When glass artists Anna Boothe and Nancy Cohen come together, artistic accidents are embraced. Instead of tossing aside a mistake, the two consider it important to give value to an accidental creation as part of their effort to create art with a Buddhist sensibility in mind. The artists continue their 5-year-long collaboration in a new exhibit entitled “Permutations: A Collaboration Featuring Anna Boothe and Nancy Cohen,” which will have an opening reception at the Philadelphia Art Alliance (PAA) this evening. The two began collaborating in 2012, fusing together two unique styles and a combined experience of more than 50 years working with glass. Although neither artist considers herself a practicing Buddhist, they self-consciously sought to take on on the Buddhist style of thought as a strategy in the creation of their collaborative art, and they consider the work to share the aesthetic approach of Thangka, an elaborately composed Tibetan Buddhist tradition of painting.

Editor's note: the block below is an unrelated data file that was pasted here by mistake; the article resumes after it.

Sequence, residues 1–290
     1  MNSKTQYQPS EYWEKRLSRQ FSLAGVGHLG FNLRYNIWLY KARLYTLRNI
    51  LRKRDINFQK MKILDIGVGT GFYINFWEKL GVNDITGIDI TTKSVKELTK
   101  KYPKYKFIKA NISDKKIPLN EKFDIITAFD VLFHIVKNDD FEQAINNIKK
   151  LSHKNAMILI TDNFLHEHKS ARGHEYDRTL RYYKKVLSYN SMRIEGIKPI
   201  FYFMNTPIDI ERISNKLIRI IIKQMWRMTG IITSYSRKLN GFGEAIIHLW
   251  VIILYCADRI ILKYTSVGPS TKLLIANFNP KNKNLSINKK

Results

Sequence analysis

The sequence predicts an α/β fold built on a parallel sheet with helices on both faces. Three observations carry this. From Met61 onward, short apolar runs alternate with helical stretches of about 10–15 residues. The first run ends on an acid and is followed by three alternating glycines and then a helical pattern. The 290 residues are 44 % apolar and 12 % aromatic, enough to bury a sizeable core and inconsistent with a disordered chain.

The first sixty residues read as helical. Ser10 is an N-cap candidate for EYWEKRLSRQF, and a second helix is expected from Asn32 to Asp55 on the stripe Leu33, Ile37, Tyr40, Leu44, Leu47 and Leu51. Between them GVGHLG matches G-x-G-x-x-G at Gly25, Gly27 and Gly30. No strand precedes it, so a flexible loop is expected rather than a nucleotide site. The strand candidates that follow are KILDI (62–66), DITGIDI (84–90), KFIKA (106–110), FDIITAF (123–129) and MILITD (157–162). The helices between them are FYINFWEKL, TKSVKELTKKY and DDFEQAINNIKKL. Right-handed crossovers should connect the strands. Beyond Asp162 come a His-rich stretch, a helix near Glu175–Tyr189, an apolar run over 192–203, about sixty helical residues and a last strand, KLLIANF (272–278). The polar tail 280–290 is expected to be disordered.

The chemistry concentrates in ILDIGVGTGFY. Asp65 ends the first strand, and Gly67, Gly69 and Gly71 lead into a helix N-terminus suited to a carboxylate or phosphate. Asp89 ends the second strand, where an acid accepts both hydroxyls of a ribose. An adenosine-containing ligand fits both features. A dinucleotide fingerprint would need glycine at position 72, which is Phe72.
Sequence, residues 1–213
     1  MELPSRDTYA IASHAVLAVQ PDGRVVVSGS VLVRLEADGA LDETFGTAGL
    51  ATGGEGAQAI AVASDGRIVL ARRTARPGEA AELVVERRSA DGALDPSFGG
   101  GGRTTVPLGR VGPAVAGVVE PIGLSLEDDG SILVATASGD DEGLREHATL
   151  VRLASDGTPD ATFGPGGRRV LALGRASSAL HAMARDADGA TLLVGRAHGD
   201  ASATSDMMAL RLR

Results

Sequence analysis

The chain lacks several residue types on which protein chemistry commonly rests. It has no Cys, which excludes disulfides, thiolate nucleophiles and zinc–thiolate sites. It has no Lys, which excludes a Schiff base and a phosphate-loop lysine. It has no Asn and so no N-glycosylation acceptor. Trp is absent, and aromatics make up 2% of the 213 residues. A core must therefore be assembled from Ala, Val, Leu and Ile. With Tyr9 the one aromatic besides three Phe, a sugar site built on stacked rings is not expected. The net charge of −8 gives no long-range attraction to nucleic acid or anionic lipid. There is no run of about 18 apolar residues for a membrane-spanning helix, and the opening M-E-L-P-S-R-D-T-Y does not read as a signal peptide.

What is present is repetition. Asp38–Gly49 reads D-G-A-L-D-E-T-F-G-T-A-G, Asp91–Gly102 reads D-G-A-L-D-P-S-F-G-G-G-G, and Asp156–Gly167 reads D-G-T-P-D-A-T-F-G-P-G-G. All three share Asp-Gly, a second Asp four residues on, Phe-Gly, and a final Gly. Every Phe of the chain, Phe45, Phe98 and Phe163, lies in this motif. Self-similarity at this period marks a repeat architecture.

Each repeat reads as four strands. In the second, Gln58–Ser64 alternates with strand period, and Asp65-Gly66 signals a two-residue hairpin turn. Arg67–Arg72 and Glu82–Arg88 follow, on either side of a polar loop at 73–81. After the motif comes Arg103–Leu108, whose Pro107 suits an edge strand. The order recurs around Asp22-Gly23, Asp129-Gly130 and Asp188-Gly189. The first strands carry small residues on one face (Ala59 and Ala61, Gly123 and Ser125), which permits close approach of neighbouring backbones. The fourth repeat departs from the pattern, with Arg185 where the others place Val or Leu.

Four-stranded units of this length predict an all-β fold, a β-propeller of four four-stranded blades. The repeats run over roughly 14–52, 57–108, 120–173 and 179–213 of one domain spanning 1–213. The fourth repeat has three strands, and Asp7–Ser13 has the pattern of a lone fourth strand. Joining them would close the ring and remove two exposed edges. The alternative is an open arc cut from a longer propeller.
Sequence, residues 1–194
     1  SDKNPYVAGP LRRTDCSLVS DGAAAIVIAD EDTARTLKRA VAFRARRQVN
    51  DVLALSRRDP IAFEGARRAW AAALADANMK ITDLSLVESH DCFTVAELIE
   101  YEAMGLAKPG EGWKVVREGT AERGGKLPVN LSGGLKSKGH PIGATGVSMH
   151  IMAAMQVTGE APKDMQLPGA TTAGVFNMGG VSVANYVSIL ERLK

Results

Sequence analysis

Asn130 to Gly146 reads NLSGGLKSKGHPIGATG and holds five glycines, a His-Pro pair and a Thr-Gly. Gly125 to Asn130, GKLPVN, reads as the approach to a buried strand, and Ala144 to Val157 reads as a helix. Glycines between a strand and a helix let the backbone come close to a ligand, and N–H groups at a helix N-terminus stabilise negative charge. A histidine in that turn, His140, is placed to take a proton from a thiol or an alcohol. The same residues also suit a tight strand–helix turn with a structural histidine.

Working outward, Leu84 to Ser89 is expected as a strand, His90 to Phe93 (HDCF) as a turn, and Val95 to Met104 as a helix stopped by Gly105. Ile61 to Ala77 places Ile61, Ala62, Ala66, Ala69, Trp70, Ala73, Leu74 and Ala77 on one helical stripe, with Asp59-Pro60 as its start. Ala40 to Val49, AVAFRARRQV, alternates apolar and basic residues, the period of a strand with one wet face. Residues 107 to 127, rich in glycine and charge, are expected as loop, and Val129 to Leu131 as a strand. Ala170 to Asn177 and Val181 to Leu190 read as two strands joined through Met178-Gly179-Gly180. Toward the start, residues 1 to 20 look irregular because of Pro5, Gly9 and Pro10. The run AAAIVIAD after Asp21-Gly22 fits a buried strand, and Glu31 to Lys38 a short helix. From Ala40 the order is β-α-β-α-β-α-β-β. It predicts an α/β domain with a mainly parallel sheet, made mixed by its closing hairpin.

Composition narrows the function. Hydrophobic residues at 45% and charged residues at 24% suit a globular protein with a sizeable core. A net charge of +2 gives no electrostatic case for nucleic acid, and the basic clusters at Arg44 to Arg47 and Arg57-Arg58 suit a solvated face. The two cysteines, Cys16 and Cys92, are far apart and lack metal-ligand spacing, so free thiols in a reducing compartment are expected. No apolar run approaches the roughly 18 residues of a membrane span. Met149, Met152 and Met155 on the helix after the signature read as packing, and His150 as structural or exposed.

Doreen Garner's exhibition "Doctor's Hours," on view in New York City gallery through June 18, 2017, is an assemblage of drawings, video, and sculptural specimens that blend revulsion and attraction to provoke inquiry into atrocities inflicted on African American research subjects in the name of science. Most visceral is the response to the eerily intestinal yet abstract creations made from careful combinations of petroleum jelly-smeared glass, silicone, crystals, human hair, condoms and glitter, perched on shelves at nearly eye-level, spot-lit in the darkened pop-up gallery space on New York City's Lower East Side. Garner, who is often present in the gallery space, plays the role of both artist and surgeon as she invites her audience to become literally one with her art by receiving an actual tattoo, which she will administer either by appointment or for those inspired by their walk-in visit.